What happens when four adults are forced to face the people responsible for ruining their childhoods? That’s the question posed by Game of Silence, which follows those traumatized victims as they, 25 years later, seek justice against the men who abused them.
Before the show’s premeire, we spoke with Game of Silence showrunner David Hudgins about what fans can expect.
ENTERTAINMENT WEEKLY: What about the Turkish series drew you to it?
DAVID HUDGINS: I just really responded to it. The characters were amazing. It had a real nostalgic sort of filmic feel to it because they went back and told stories about these characters when they were younger. It was mysterious but really what I think drew me to it was the emotional thrill of it between these characters. Because you just fell in love with them and you wanted to know more about them. You put that on top of the mystery and the thriller elements that are already there, I thought it was a really unique way to do a show.
When adapting it for American television, what changes did you make?
In the Turkish version it was very concentrated to the main characters. It was good, it was intense, but I wanted to open the show up so I created some additional bad guys and I created this greater conspiracy going on in present day so our guys, when they’re making their decision whether or not to go pursue justice and revenge, it’s a much higher stakes situation because they find out as they go along through the course of season 1 that there’s a whole layer of stuff that they don’t know about at a very high level. But I kept the core idea of best friends who had a horrible thing happen to them in the past and now it’s coming back and what are they going to do about it and the kind of monkey wrench that throws into people’s lives.
I like that it’s as much about what happened in the past as what they’re going to do about it in present day.
You’re exactly right. The thing is, they all went through this trauma together but they each came out of it their own way, with their own damage and their own way of coping and dealing. I had an amazing writers’ room. We spent a lot of time researching the effects of abuse on kids and what that does to people as adults and it affects everybody differently and people cope in different ways. We learned very quickly that it’s a story about survival and how each of these characters came to terms with what happened to them. Of course they’ve all got their own secrets amongst and between them, which makes it extra juicy.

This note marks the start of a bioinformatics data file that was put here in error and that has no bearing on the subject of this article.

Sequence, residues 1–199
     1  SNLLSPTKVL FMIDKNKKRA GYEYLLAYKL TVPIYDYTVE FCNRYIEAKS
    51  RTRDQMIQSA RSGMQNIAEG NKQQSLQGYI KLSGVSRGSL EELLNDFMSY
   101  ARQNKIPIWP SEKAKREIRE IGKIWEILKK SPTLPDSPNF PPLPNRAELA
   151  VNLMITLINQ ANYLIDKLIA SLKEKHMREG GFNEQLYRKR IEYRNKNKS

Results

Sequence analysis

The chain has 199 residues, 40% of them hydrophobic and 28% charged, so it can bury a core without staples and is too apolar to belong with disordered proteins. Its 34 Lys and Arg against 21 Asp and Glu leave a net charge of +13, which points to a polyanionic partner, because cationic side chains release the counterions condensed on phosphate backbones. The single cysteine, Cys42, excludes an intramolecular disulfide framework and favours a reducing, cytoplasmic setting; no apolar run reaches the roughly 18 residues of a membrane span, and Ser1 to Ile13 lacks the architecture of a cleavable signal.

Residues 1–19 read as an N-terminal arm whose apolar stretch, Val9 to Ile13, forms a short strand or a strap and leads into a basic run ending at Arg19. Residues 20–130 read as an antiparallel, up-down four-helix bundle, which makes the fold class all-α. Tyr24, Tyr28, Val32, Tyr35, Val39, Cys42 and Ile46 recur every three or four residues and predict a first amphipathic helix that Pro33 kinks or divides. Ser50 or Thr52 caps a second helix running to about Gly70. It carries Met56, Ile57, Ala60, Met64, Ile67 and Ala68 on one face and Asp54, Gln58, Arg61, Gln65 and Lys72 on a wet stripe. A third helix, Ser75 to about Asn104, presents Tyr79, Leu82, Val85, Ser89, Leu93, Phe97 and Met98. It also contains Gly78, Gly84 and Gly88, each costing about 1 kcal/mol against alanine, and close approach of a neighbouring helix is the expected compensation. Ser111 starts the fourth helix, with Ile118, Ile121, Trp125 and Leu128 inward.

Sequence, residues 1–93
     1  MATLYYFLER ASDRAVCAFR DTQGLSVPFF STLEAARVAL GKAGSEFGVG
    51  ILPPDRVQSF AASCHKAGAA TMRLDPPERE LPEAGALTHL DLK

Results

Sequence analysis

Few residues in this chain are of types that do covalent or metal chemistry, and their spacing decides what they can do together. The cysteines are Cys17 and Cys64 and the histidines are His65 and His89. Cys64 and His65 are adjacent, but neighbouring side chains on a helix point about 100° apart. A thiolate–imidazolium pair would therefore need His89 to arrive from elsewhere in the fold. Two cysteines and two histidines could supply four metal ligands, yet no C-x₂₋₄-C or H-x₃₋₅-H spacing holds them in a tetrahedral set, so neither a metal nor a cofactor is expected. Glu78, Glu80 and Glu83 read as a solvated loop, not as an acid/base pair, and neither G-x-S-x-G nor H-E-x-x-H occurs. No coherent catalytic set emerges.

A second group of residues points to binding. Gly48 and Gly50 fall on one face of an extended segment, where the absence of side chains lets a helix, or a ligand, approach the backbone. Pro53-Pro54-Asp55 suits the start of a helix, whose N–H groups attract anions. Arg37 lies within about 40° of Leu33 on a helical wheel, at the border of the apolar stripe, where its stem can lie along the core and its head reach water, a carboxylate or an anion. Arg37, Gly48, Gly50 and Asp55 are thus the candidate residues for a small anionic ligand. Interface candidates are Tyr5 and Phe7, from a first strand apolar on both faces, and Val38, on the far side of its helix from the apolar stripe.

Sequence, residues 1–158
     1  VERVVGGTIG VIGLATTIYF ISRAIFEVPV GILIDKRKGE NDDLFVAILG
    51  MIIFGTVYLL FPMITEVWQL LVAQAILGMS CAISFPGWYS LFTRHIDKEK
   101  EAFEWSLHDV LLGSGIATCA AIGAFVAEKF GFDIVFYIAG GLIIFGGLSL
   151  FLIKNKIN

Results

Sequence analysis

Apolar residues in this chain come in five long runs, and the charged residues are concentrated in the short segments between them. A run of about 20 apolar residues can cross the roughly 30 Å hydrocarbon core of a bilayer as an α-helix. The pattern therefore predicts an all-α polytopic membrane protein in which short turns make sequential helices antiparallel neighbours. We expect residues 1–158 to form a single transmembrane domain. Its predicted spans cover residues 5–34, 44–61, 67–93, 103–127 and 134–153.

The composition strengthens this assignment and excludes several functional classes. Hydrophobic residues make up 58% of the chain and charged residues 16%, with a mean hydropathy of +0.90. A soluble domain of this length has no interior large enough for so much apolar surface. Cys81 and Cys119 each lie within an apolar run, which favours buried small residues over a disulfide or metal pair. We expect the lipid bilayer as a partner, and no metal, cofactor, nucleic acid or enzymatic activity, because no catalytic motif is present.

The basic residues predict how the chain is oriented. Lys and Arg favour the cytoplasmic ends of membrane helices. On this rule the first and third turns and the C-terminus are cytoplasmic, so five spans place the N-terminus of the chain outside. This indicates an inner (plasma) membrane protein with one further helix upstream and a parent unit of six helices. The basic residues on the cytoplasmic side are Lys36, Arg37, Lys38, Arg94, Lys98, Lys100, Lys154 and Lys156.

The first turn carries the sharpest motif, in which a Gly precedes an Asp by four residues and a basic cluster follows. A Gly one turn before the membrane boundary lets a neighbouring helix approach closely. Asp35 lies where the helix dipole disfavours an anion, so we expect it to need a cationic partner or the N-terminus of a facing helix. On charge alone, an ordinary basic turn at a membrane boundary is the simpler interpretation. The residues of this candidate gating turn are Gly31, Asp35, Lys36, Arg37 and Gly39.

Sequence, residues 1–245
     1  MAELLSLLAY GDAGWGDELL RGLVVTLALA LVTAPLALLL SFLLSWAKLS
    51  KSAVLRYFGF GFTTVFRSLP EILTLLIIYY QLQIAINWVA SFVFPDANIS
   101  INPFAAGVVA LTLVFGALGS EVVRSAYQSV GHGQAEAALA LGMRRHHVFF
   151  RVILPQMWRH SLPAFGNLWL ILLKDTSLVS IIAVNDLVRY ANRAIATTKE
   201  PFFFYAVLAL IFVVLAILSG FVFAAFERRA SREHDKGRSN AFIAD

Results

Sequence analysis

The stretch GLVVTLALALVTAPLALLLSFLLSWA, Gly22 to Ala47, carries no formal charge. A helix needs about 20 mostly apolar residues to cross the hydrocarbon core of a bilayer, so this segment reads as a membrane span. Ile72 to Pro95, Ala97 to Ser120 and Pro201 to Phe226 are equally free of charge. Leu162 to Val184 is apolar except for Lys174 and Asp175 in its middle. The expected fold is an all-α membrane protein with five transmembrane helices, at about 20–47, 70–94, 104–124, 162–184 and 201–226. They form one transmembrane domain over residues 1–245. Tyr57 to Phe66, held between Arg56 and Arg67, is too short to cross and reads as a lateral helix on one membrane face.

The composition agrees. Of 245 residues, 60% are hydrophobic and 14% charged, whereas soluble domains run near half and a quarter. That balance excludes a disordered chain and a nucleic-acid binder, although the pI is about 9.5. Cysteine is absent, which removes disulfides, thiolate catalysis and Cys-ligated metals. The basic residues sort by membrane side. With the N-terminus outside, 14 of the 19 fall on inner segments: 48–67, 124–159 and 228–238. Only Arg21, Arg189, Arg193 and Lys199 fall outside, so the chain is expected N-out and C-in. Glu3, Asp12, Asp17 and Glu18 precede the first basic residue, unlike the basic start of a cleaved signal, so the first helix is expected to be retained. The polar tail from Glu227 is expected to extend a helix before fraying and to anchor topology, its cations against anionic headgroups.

Were you at all worried about it being too dark with the central characters being kids for much of the abuse?
To me it was always a question of balance. I have four kids of my own and when I sat back and thought about the way I wanted to tell the story, I just wanted to take it very seriously. But I also felt like from a pure storytelling point of view, you had to have this horrible incident in the past and it had to be bad because otherwise, why 25 years later would they be willing to go forward and take all the risks that they take unless it was so bad. So it really came down to a question of balance. Yes, the inciting incident of what happened to them in the prison is very dark, but that’s really the only time we visit it. There are times you go back to the prison in flashbacks but it’s really to fill in story and to explain relationships. One of the things that was fantastic about the Turkish show is the flashbacks were often joyous, it’s hopeful and nostalgic. There was a real Stand By Me element to the show that I loved. So we do that in season 1.
You previously worked on Friday Night Lights and Parenthood, which are so character based. This show feels similar in that sense, but so much more is happening in terms of plot. How did you approach creating this world?
I came at it from the standpoint of character first and foremost and I feel like if you get people to fall in love with these characters then that’s half the battle. It ultimately boils down to the relationships between these people and when they’re talking about things like loyalty, friendship, and trust — those are pretty broad themes that you can throw into a story and explore. In the [writers] room a lot of times we would have to sit back and say, “What would really happen?” You could have a helicopter chase and a bomb exploding but that’s not the show, and yet it still has those sort of exciting action elements. I just tried to keep it grounded. I tried to keep it real.
Game of Silence premieres Tuesday at 10 p.m. ET on NBC.